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  • Writer's pictureCommunity Bridges

Feed Me Good: Winter Catch Up

The other day I had the delight to catch Nureen for a blissful catch-up with her and Feed Me Good.

Feed Me Good has been thriving, with many projects on the go, the last few months have more importantly been an opportunity for reflection.

Nureen speaks of the importance of refocusing on the vitals of her operation. Finding the next way she can inspire inclusive education about healthy eating. As well as how she can empower young people to be self-sustainable business owners.

What struck me the most in our conversation was Nureen’s emphasis on self-care. As a CEO it is very easy to get overwhelmed with impressive mountains of work. And that is okay.

Following this summer’s evaluation with Community Bridges, Nureen has decided to take the time to reevaluate her company’s trajectory. An incredibly crucial moment for any business. In her words, an opportunity “to strip everything back to the bare nature of it”. Almost like economical meditation.

Nureen and Feed Me Good has found the time to understand and recalibrate its evolution. A work in process that follows the company’s general development.

And despite focusing a lot of energy on ‘remodeling’, Feed Me Good hasn’t stopped doing good.

Still busy as ever with collaborative projects with the Eden Project, Ikea, Jubilee dinner and the inclusive eat well plate. There are so many manifestations of Feed Me Good’s mantra of promoting sustainable living and eating as well as an inclusive and community-driven approach to how we feed ourselves. On top of that, she’s focusing on expanding the merchandise associated with Feed Me Good. Developing marketing campaigns that would sell bento boxes, weekly recipe plans, and deliverable traditional dishes.

What’s next:

Nureen is finding the right balance between community and corporate. Not just how to navigate but also how to create a bridge between the two. How to maintain a sustainable income while benefiting and uplifting her community.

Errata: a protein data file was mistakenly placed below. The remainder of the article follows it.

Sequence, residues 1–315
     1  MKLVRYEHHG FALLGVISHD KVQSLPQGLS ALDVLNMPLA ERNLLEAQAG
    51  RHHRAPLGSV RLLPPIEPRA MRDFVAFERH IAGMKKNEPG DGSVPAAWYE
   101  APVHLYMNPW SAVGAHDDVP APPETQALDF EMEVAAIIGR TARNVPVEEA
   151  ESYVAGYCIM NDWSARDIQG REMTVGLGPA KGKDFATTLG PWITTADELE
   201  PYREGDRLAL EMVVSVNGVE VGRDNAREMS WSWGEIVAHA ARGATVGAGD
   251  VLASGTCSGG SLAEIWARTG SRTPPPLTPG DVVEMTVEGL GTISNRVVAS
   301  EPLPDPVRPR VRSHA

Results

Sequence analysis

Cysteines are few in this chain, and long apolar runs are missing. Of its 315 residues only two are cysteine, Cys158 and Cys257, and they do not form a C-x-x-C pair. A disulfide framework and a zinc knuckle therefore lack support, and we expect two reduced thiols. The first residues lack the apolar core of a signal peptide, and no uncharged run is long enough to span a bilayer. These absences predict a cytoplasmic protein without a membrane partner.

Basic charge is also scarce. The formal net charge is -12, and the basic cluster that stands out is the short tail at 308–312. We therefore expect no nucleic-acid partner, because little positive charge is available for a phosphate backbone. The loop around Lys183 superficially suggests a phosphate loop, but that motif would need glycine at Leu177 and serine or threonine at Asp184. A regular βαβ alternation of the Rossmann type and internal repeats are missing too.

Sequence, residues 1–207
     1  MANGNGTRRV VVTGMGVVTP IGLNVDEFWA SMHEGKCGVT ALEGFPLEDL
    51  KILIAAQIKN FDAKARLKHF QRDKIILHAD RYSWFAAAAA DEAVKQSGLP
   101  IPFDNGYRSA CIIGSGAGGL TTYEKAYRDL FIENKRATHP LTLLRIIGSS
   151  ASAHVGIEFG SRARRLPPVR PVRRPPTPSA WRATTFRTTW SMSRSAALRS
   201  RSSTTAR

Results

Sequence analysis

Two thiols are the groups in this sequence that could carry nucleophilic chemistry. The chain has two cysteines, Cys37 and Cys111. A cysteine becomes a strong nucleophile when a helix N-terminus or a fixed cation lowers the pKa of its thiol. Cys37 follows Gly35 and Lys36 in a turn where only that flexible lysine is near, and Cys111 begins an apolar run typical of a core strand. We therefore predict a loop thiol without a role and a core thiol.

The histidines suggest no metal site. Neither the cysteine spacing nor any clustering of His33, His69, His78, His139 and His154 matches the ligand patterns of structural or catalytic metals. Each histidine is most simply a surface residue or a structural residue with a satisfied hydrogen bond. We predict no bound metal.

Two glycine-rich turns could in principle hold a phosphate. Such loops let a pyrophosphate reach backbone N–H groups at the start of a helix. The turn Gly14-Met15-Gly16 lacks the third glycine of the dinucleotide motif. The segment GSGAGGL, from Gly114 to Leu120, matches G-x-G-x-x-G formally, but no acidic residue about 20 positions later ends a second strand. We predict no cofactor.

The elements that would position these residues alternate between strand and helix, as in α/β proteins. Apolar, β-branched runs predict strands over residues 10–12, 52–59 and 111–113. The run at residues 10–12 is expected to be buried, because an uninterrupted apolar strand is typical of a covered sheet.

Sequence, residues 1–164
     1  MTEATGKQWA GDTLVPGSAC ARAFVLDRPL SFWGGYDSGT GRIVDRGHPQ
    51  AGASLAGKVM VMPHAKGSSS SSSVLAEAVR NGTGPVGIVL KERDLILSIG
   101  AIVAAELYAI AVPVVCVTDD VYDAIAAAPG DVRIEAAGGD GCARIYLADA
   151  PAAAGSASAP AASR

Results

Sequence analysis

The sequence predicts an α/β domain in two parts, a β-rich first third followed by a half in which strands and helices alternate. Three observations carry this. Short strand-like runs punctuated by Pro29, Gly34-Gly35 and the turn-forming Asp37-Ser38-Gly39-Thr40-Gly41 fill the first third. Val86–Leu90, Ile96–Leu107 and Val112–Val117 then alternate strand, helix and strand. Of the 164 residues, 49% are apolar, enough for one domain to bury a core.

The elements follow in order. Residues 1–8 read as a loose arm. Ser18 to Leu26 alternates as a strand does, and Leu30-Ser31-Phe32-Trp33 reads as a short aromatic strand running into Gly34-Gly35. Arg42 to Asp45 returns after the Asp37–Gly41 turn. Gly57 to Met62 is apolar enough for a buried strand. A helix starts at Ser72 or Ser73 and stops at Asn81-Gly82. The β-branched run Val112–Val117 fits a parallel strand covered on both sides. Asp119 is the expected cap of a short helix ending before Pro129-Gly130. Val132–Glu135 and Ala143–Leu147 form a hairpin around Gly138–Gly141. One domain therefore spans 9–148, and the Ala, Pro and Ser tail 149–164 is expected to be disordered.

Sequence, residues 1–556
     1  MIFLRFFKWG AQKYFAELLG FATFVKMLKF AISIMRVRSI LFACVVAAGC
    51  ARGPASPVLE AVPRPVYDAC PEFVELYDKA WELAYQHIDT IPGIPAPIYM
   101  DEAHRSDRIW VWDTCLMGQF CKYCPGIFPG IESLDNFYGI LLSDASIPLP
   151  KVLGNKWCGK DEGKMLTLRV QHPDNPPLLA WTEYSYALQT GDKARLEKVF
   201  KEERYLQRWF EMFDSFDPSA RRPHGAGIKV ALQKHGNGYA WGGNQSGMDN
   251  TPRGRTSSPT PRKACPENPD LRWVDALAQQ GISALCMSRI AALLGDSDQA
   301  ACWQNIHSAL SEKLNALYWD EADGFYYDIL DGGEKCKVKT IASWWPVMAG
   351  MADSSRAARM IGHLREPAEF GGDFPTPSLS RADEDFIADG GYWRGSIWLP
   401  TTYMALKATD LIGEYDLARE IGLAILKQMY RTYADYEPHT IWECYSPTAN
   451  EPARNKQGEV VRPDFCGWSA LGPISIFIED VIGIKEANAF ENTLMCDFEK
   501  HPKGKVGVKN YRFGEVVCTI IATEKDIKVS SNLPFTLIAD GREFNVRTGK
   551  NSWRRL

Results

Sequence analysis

She is particularly interested in volunteers and how she can benefit them and vice versa. Young people need more opportunities for hands-on business experiences.

Realizing that Feed Me Good has a variety of cogs in its work, from social media marketing to data analysis, to face to face networking, means that there are many opportunities for young people to learn and gain leadership.

The trick is developing a sustainable regenerative system that allows young people to participate in the company and their education, for periods at a time.

Developing this alongside the corporate model could be a way to facilitate young vulnerable people into employability and business ownership.

Talking with Nureen, we discussed the nuances and importance of uplifting young lives. Finding the most efficient way to do it takes time.

If you are interested in developing a youth volunteer program within your organization here is an introductory article I found that might help lay the founding stones.

As Nureen said, it's about “The corporate having access to us, and young people having access to volunteering.”

Going back to the ‘bare nature’ of Feed Me Good; ‘helping others’ refocused Nureen on the importance of face-to-face help. How to make Feed Me Good be even more meaningful. Appreciating corporate development without losing sight of community.

This can be the challenge of most grassroots operations focused on community wellbeing. Sustainability or one’s economic wellness as general wellbeing. What can we do to support independent business owners better? And make sure that when they’ve built something up all on their own, once they get to the top, someone is there to catch and support them.

Want to know more about Feed Me Good? Visit their website today, and stay connected via Instagram.

For more catch-ups with Nureen read our past articles, visit her evaluation page or listen to our podcast.

Don’t miss Nureen’s recent feature on Metro Uk Newspaper giving us the best hot tips on how to turn your kitchen into an energy and money-saving machine.

Words by Mona Neilson, Illustrations by George Harvey.


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